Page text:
verb (used with object), pres·aged, pres·ag·ing.
verb (used without object), pres·aged, pres·ag·ing.
Origin of presage
Examples from the Web for presage
From quotes Clinton a lot, and he credits Clinton with saying that an intellectual resurgence has to presage political power.
But I recall nothing in Possession, Angels & Insects, Babel Tower, or her other books that seems to presage this one.Must Reads: Wild Abandon, Ramona Ausubel, A.S. Byatt|Nicholas Mancusi, Jennifer Miller, Allen Barra|March 6, 2012|DAILY BEAST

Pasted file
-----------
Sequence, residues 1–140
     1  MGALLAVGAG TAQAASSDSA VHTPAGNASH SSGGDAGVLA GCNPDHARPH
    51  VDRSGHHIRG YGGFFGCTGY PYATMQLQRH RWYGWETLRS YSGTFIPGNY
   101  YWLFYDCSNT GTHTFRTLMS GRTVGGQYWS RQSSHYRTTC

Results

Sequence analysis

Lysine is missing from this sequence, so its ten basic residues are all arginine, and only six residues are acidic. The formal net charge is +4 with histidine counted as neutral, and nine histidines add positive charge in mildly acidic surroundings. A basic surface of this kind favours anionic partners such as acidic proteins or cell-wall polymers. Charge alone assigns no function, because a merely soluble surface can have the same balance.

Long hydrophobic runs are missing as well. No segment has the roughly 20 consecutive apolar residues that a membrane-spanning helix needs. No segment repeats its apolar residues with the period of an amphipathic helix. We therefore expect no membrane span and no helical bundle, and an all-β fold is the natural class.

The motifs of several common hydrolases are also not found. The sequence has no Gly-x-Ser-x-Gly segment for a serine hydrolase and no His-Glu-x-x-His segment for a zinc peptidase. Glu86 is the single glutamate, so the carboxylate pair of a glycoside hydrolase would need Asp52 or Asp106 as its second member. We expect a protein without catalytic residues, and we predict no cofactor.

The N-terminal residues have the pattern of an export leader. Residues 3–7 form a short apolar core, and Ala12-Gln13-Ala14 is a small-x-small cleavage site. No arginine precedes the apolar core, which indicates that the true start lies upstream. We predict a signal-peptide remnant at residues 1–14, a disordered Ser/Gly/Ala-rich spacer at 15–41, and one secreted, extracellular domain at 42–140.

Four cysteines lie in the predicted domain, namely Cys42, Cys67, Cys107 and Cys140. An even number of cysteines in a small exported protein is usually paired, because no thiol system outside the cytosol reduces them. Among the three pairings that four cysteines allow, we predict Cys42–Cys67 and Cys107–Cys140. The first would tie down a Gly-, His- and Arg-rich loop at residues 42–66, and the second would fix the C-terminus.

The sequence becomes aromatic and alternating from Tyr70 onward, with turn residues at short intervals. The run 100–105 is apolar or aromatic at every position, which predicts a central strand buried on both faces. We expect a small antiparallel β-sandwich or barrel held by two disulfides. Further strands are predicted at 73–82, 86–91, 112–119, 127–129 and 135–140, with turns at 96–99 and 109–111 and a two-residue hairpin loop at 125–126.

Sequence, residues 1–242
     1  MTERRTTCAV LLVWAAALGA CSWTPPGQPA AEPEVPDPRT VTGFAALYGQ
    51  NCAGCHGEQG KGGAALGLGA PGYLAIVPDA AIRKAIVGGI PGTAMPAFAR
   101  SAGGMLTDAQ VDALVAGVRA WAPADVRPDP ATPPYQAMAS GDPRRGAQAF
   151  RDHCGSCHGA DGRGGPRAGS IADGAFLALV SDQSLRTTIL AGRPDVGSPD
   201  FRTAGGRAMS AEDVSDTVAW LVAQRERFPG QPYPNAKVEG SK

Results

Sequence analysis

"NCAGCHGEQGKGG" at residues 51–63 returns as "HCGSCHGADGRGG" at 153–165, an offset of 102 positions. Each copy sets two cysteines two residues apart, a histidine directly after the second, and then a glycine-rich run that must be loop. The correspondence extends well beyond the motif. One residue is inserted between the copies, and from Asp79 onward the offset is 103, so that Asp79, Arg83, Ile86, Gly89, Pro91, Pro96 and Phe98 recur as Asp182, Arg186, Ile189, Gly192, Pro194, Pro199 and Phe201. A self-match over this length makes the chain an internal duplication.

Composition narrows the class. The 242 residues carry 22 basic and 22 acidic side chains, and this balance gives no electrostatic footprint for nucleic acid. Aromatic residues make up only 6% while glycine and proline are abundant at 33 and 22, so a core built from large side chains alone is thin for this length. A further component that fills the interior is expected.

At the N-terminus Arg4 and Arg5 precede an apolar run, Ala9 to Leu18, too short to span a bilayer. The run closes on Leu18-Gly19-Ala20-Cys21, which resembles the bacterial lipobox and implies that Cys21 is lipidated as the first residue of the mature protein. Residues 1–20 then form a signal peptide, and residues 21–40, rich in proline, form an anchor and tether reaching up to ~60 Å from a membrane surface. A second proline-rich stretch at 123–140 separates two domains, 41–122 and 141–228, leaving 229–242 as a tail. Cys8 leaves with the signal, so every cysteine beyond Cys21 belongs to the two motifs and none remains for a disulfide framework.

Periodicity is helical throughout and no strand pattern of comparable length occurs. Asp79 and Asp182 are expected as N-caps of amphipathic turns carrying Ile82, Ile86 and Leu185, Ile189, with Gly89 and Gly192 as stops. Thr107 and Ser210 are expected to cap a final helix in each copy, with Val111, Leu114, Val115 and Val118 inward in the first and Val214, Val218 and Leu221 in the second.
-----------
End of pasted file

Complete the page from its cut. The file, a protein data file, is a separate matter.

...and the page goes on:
It passes only at night, and it is thought to presage some disaster to those who see it.Lost Man's Lane|Anna Katharine Green
In their eyes it was blood, and a presage of dreadful slaughter.Robin Tremayne|Emily Sarah Holt
At Oundle "There is a Well that is credibly reported to drum as a presage of very great alterations to publick affairs."Weather and Folk Lore of Peterborough and District|Charles Dack
It was the exception to manners then prevalent, and the presage of manners to come long afterward.
But your face to-night is like a presage of calamity, like the dull, livid sky that goes before a thunderstorm.'Phantom Fortune, A Novel|M. E. Braddon